Slacker reportedly partners with Vodaphone to enter UK market

Wednesday, May 8, 2013 - 1:00pm

According to MusicWeek, popular (and growing, see today's top story) pureplay webcaster Slacker will reportedly launch in the UK within the next three months.

Such a move would make Slacker the largest U.S.-based Net radio outlet available there (Pandora is not licensed in the United Kingdom).

Slacker will come to Britain by way of a partnership with Vodafone, the world's second-largest mobile telecom company.

You may remember that Slacker "relaunched" earlier this year, with a new look, new features, and an ad campaign positioning itself as an alternative to market leader Pandora. It also recently added voice personalities to some of its channels. The article sources Slacker president and CEO Jim Cady recently revealing that "Session listener times on Slacker without a host have been averaging around 29 mins, but with a host personality or presenter session listening is growing to around 79 minutes."

Read the full article here.

It's undeniable radio is losing listening to Pandora, Edison's Rosin says

Tuesday, February 26, 2013 - 12:20pm

The San Antonio News Express, paraphrasing Edison Research president Larry Rosin, says streaming radio to moblie phones is "the biggest challenge to commercial radio that the technological revolution has wrought."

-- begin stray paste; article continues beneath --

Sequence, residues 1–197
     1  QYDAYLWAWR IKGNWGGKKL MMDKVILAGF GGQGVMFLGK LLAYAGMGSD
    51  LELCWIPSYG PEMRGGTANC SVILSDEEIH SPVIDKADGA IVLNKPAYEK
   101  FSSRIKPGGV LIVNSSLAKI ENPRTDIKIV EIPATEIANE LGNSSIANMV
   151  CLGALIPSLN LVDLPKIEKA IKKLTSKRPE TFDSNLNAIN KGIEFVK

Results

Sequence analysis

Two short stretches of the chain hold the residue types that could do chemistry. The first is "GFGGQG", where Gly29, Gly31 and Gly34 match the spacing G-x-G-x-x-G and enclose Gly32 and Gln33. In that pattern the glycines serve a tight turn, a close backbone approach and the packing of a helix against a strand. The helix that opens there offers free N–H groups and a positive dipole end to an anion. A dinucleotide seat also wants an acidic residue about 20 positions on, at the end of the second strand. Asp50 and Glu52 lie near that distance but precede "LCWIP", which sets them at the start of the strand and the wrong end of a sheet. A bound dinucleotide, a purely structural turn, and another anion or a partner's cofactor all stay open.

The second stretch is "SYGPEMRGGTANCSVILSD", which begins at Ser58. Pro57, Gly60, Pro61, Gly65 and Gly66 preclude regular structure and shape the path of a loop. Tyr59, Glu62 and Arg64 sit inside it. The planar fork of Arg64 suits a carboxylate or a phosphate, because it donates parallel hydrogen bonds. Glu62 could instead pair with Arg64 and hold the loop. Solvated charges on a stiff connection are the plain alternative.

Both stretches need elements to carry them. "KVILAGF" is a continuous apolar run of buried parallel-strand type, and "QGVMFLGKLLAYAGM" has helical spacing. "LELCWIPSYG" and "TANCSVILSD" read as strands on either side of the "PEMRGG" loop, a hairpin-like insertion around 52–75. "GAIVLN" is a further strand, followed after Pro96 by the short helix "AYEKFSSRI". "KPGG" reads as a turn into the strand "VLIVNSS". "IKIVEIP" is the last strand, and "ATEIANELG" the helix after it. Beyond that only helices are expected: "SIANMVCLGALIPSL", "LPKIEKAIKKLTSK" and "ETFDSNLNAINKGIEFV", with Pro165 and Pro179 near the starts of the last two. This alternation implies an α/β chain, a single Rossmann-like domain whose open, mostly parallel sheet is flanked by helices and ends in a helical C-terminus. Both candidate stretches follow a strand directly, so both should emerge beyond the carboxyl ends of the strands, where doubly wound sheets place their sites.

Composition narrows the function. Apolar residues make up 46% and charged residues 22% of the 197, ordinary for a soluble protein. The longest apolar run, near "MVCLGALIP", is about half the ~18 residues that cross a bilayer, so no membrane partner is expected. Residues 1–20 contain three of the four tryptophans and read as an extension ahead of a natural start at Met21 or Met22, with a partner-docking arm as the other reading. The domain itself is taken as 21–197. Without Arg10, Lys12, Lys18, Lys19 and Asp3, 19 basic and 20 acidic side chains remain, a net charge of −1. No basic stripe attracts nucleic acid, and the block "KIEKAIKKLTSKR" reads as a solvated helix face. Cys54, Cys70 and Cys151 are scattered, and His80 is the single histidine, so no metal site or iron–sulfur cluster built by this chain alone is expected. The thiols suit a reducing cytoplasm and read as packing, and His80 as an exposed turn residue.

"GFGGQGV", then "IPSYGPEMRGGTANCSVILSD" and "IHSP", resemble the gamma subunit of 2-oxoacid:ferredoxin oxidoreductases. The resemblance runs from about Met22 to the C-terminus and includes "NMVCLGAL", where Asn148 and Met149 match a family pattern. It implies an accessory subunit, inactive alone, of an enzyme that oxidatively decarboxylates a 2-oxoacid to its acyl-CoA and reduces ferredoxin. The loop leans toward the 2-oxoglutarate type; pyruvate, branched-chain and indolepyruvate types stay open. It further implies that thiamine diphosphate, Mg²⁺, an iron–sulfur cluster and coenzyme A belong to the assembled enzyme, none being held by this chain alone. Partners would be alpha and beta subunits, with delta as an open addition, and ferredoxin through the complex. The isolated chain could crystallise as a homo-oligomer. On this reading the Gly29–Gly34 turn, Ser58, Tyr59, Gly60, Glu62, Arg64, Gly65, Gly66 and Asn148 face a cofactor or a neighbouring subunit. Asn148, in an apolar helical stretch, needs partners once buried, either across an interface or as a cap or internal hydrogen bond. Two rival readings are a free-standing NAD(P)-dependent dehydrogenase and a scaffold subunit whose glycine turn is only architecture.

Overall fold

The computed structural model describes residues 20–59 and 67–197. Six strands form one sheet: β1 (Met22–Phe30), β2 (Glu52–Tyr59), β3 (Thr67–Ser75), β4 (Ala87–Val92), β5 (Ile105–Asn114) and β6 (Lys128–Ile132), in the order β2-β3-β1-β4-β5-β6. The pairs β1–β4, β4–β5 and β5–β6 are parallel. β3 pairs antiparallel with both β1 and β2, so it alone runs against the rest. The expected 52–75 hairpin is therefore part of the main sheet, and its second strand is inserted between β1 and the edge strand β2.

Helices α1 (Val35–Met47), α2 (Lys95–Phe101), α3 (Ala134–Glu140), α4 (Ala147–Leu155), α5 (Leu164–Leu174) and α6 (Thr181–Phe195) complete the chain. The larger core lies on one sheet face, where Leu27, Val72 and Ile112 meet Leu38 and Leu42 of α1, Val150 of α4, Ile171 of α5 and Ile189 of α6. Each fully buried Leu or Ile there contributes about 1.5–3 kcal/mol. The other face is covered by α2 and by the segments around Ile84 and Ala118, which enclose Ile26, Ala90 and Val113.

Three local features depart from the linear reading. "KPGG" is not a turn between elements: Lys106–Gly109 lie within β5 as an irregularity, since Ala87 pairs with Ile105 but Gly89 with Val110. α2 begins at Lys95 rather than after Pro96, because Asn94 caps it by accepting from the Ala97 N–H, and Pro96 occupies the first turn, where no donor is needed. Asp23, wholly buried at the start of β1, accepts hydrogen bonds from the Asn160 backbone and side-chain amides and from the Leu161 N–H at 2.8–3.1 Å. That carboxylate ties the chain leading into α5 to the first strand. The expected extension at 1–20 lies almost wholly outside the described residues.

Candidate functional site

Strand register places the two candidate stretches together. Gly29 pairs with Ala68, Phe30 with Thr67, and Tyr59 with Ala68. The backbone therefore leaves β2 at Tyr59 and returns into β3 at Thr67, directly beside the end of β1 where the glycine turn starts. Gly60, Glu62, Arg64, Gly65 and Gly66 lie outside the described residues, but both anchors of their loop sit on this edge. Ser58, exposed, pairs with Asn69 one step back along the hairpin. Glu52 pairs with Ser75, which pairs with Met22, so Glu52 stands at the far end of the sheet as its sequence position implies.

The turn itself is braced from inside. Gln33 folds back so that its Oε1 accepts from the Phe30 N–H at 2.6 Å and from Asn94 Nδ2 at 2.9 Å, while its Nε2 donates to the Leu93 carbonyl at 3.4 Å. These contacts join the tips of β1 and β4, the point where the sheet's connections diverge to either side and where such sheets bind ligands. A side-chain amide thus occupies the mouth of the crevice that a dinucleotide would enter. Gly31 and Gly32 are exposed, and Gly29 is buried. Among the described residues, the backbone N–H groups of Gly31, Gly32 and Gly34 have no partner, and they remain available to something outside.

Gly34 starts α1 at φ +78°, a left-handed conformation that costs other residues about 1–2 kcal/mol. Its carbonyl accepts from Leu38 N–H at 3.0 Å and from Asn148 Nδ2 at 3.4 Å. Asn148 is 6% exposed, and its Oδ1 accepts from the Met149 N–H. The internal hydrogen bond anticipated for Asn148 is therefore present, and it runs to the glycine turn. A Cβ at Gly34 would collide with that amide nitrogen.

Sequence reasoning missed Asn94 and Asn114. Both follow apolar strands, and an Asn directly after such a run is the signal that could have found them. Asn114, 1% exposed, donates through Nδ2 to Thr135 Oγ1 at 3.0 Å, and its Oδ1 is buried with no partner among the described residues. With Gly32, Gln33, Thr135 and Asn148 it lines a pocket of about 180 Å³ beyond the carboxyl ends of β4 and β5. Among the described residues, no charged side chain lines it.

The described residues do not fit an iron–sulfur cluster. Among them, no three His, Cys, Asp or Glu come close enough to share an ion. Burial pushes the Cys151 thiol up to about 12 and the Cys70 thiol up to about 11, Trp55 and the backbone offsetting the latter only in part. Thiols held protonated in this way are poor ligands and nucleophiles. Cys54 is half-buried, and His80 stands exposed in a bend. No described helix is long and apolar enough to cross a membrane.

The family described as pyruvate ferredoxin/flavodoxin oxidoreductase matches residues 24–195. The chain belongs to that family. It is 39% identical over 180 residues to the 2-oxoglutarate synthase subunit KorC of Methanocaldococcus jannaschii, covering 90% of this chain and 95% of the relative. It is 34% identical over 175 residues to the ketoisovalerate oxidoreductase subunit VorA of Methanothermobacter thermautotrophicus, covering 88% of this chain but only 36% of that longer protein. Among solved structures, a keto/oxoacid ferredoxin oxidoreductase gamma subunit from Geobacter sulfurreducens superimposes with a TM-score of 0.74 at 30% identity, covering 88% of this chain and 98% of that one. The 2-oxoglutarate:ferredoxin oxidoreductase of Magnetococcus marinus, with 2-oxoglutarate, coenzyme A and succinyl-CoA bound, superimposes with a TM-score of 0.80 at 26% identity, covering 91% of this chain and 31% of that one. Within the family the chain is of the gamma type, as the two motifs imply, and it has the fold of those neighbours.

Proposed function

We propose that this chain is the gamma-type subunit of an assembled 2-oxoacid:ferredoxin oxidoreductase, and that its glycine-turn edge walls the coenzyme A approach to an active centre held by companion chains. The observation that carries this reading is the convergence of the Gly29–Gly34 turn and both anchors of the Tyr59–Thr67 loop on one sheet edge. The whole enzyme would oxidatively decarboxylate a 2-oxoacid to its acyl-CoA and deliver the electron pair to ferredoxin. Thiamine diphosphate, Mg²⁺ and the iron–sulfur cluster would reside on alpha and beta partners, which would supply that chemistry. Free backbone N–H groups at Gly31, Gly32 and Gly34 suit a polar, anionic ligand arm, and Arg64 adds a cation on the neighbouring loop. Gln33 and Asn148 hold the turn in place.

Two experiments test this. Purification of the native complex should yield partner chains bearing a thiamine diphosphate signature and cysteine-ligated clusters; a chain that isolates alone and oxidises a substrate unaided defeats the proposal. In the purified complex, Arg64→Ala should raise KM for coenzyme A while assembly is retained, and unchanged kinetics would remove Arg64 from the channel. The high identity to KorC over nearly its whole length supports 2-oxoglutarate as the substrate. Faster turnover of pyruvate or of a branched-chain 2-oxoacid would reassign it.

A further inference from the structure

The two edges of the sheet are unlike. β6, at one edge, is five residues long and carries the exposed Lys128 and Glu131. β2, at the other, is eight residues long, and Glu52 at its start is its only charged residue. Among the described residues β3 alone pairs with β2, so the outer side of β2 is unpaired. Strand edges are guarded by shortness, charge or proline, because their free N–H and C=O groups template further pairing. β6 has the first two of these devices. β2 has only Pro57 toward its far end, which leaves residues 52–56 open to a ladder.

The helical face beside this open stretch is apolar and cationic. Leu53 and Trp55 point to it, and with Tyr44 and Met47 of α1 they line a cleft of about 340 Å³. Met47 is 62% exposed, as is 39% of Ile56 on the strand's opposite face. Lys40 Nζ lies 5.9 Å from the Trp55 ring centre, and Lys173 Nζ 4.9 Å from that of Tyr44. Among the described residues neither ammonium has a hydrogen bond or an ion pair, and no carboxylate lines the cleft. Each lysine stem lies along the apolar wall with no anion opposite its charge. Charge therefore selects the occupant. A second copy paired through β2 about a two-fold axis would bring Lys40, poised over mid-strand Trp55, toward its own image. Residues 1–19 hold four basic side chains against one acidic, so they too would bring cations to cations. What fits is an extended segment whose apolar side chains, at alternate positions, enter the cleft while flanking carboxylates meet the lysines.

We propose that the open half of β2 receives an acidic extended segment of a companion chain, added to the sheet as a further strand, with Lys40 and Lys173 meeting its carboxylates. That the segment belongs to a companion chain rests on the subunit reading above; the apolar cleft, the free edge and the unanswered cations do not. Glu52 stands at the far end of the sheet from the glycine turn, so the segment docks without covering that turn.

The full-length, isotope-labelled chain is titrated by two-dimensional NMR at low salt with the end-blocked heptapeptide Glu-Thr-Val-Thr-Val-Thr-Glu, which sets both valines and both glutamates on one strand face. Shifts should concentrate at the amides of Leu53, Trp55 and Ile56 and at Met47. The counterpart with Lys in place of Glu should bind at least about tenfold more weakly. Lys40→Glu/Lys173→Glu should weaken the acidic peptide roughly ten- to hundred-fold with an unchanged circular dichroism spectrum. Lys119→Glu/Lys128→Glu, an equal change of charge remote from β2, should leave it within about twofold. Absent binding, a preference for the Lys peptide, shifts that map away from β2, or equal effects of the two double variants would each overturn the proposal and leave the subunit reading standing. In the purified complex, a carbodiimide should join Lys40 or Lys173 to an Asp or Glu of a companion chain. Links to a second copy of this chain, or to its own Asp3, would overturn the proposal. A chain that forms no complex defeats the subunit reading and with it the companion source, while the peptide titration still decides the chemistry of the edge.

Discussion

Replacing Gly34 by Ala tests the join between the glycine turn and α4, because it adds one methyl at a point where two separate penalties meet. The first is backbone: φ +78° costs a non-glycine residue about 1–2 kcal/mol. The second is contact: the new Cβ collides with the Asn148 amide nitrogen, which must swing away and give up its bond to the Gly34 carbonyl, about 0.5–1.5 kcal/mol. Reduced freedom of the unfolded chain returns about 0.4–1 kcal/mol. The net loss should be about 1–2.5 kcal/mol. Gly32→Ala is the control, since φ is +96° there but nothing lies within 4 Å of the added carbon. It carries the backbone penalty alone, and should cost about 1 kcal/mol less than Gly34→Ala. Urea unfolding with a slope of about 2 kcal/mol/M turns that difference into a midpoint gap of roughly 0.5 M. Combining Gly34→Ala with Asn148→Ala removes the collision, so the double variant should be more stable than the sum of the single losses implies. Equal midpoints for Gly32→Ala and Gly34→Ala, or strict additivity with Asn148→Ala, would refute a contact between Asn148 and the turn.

The paper also spoke to Paragon Media senior research consultant Larry Johnson, who explained that while traditional radio's reach has held steady over the last ten years, "time spend listening" has consistently fallen by about 15 minutes per year for the last 20 years.

Rosin, whose company partnered with Pandora in 2011 to measure the webcaster's listening in local markets (here), said, "(Pandora) is clearly stealing time from commercial radio music stations, primarily among people under 35 years old."

Of course, major broadcasters also offer streaming services, which they say complement -- not cannibalize -- traditional radio listening. But as Rosin points out, "Pandora is more than two-thirds of all Internet radio all by itself." In other words, broadcasters' complementary digital listening can't itself account for terrestrial's TSL drop.

For more on this topic, see our article "Radio faces falling TSL, but how much is due to digital competition?" in RAIN here.

Read more at MySanAntonio.com here.

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